American AgriWomen's Drive Across America visits Kansas

American AgriWomen's Drive Across America visits Kansas

Five-month education and advocacy tour stops in Manhattan; national president says women's voice is strong

Any woman in America can tell you that celebrating your 40th birthday and looking good is reason to celebrate.

So, it stands to reason that American AgriWomen would pull out the stops to celebrate 40 years of giving recognition to the role that women play in American agriculture.

Current AAW President Sue McCrum, along with other AAW leaders are engaged in a five-month "Drive Across America" to celebrate their organization's birthday and advocate for agriculture.

KANSAS VISIT: Susan Metzger, left, with the Kansas Department of Agriculture, stands with American AgriWomen President Sue McCrum in front of the specially wrapped pickup that is making the Drive Across America, a five-month education and advocacy tour celebrating the organization's 40th birthday.

On Thursday, the drive came to Kansas, where McCrum was joined by Kansas AgriWomen preJean Goslin, AAW vice president of communications Lynn Woolf, Kansas Department of Agriculture representative Susan Metzger, representatives of supporting organizations including the Farm Bureau. Farm Credit and members of the media  for a special Kansas event at the Wheat Innovation Center in Manhattan.

The Kansas stop comes about six weeks into the Drive, which was launched from Maine on June 3. So far, the Drive has traveled to events in Maine, New York, Washington, D.C., West Virginia, North Carolina, Kentucky, Michigan, Illinois, Wisconsin and Minnesota.

Drivers are now in Nebraska and Iowa as well as in Kansas.

McCrum spoke briefly to guests at the Kansas event, about her family's fifth-generation commercial potato farm near Mars Hill, Maine.

ADDRESSING GROUP: Kansas Wheat Program Assistant Jordan Hildebrand addresses American AgriWomen's Drive Across America during their Kansas visit on Thursday.

"Members of my family have lived on this same family farm since 1886 and we are still living I the same house and drinking from the same well that my ancestors built on that farm," McCrum said. "In all those years, with all the times we have sprayed our potato fields, that well has never become contaminated. That's because we know the rules of spraying crops safely.  Farmers go to school to learn how to do that, unlike urban consumers who can go buy those same spray chemicals and use them without bothering to read anything on the label."

She also spoke of the current wave of concern about pollinators and the role that pesticides may play in the loss of bees.

"In reality, the population of bees is on the rise," she said. "There are more bees now that there were a few years ago."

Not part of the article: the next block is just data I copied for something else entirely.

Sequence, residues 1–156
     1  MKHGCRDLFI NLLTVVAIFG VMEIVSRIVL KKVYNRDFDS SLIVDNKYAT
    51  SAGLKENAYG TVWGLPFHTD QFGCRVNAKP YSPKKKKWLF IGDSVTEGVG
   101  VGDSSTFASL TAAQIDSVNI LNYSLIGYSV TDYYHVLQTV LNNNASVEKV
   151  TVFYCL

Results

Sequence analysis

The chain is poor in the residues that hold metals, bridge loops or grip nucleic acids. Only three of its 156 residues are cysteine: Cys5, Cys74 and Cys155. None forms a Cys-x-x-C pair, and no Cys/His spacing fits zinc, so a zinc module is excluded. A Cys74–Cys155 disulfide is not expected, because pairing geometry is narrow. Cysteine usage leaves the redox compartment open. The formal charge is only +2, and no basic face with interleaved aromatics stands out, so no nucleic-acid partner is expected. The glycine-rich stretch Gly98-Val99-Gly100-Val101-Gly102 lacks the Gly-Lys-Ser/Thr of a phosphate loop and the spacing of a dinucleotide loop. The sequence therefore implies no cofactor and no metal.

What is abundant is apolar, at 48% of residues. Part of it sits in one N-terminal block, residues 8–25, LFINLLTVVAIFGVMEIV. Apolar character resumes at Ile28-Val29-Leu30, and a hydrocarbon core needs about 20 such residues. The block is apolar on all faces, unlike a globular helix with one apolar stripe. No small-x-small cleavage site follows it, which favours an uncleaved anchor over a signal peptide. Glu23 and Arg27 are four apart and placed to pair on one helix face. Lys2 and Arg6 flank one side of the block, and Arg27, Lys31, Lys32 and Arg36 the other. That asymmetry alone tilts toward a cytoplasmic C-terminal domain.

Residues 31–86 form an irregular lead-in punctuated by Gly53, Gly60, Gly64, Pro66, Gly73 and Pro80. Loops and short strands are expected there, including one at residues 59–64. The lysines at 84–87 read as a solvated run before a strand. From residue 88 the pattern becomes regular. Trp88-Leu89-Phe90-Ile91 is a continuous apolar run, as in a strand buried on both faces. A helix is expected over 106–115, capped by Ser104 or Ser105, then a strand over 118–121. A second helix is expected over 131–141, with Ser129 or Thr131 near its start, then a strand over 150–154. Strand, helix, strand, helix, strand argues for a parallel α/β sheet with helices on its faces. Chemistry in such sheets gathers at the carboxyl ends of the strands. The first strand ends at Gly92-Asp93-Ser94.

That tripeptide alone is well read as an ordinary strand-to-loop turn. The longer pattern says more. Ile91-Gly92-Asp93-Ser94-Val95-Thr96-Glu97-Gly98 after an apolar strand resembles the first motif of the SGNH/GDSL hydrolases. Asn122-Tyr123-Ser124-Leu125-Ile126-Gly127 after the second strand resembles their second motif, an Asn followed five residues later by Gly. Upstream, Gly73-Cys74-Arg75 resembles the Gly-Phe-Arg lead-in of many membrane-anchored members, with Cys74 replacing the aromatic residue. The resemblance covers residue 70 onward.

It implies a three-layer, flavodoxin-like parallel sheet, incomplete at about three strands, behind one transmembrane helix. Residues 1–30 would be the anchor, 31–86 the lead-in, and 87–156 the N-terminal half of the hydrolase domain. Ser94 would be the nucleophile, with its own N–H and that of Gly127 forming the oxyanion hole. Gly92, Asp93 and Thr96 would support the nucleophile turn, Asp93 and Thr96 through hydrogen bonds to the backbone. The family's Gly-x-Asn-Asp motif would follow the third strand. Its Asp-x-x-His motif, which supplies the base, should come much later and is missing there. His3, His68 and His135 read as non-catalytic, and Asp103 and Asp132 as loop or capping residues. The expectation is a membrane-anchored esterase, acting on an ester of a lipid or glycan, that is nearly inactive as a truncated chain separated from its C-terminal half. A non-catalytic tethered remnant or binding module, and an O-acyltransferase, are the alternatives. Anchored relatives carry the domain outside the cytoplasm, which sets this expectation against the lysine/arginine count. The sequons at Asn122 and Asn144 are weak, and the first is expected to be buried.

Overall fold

She added that her family farm, Penobscot McCrum Potato Farms, has a 20-year history with the same beekeepers, who bring hives within 100 feet of their fields every year.

"I guarantee you that they wouldn't still be bringing those hives if we killed their bees," she said.

She said her experience so far on her travels is that consumers are mostly receptive to the message that the farm women are offering -- that American agriculture, even commercial agriculture, producers safe, affordable, high-quality food.

"There is a breakdown that shows about 10% of the population has made up their mind and no amount of sound science or education will change their mind. There is another 40% that like to know where their food is coming from and how it is grown. The final 50% of the population just wants to feed their families."

She said she is fielding fewer and fewer questions about GMOs, an indication that perhaps consumers are beginning to understand the science and are less concerned about GMO safety. And she sympathized with wheat growers and the current fad against gluten.

"It wasn't that long ago that everybody was saying potatoes are bad for you," she said. "Now, we are back on the healthy less. These things are cyclical."

McCrum said more and more women are taking a decision-making role in farming operations and are learning to think of themselves as farmers. Women have always taken a strong role, but we didn't consider ourselves the farmer. That was our husband. That is slowly changing."

She said that more than 65% of the agriculture students at the University of Minnesota are women.

"That's because women are smart and they understand that agriculture graduates. There are about three jobs for every graduate with an agriculture degree," she said.

So far, on her trek, she said she has learned that "we live in a great nation."

"I have seen some of the most beautiful crops ever," she said. "And Michigan…I don't know where I've been, but I had no idea how huge the fruits and vegetables production in Michigan is. It is second only to California in fruits, vegetables and flowers."

Prior to the event at the Kansas Wheat Innovation Center, members joining the Kansas leg of the Drive Across America visited the ranching operation of Chris  Wilson just east of Manhattan. Wilson is a past president of AAW.

The group also toured the Wheat Innovation Center and got a chance to learn about the cutting edge research conducted there.

Over the coming months, the specially wrapped pick-up truck will be visible on America’s highways, interstates, city streets and backroads, McCrum said. The tour will end up in October where the group will be holding its annual national convention in Maine.

In addition to McCain Foods USA, the Drive Across America is being sponsored by Bayer CropScience, Penobscot McCrum, the Renewable Fuels Association, Syngenta, CCI Marketing, CoBank, Valebt USA, Freestyle Productions, and Sunrise Agricultural Associates.

Agri-Pulse Communications is media partner for the Drive.

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